Auhor SCOTT CACCIOLAJAN
On the seventh day of an extraordinary sentencing hearing, they found themselves together again: three young women in a sea of dozens who listened and watched and waited for justice to come in a case that had bound them for months.
Larissa Boyce, a 37-year-old mother of four, first met Alexis Alvarado, 19, and Christine Harrison, 23, in November. At the time, they were part of a growing mass of victims who had accused Dr. Lawrence G. Nassar, a former team doctor for U.S.A. Gymnastics, of sexual assault. From the start, they found solidarity in their mutual struggle.
“We have not gone a day without talking,” Ms. Boyce said.
On Wednesday, one piece of their collective story came to an end when Dr. Nassar, after more than 150 victims made themselves heard in court, was sentenced to as many as 175 years in prison. It was, in some ways, more symbolic than punitive. Dr. Nassar had already been sentenced to 60 years in prison on a federal conviction for child pornography.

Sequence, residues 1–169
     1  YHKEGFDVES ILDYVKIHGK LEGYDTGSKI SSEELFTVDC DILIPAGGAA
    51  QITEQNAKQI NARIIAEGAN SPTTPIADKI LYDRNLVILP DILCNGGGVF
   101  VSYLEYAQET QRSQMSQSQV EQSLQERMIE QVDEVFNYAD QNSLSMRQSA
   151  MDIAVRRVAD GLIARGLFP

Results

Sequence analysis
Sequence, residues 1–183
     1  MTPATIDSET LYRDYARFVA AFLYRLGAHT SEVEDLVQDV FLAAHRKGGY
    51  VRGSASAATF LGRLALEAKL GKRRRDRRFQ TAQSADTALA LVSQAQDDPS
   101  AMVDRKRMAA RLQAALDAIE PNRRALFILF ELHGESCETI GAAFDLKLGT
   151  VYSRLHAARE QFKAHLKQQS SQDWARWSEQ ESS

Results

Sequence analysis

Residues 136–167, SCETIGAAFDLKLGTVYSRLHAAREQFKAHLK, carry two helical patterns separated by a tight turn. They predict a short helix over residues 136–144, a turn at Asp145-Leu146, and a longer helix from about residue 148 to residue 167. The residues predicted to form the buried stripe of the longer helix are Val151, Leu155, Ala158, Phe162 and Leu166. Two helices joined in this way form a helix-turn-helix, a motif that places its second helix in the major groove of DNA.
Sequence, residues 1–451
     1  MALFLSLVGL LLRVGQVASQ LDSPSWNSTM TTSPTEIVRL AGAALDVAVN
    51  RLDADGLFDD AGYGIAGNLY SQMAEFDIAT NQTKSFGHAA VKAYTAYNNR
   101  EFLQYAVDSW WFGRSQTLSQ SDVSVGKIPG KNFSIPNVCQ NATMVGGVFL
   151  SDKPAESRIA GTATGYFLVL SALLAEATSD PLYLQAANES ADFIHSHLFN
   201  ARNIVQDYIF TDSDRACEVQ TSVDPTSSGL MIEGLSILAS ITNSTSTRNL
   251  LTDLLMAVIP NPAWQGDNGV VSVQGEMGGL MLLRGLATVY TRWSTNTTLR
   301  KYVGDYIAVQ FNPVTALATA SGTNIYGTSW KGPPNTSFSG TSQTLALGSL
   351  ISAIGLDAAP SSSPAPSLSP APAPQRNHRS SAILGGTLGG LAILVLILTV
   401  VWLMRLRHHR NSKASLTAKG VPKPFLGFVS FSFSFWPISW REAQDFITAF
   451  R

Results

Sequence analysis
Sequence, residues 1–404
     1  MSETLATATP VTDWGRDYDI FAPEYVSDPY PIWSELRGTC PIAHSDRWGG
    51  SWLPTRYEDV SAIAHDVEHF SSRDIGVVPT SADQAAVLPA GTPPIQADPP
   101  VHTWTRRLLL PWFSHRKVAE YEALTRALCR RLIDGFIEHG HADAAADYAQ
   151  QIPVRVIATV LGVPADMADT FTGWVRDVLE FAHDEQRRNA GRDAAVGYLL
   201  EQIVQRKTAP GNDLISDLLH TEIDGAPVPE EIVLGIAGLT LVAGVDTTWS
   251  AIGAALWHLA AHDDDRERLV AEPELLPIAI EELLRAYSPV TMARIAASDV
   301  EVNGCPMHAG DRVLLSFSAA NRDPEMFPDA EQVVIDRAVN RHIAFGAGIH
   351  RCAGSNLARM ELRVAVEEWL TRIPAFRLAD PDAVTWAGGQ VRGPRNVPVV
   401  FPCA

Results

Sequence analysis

But this was still the sentence that the victims — survivors, really — craved, and one that the court delivered.
“It does feel like a relief,” said Ms. Alvarado, who felt supported throughout the ordeal by her new friends.Key among them: Ms. Boyce, whom Ms. Alvarado and Ms. Harrison both say they revere. Ms. Boyce was among the first women to give a name and a face to the victims when she went public with her accusations against Dr. Nassar in March 2017. Ms. Alvarado recalled watching the film clip of Ms. Boyce’s news conference over and over before she found the courage to report that she, too, had been assaulted by Dr. Nassar.
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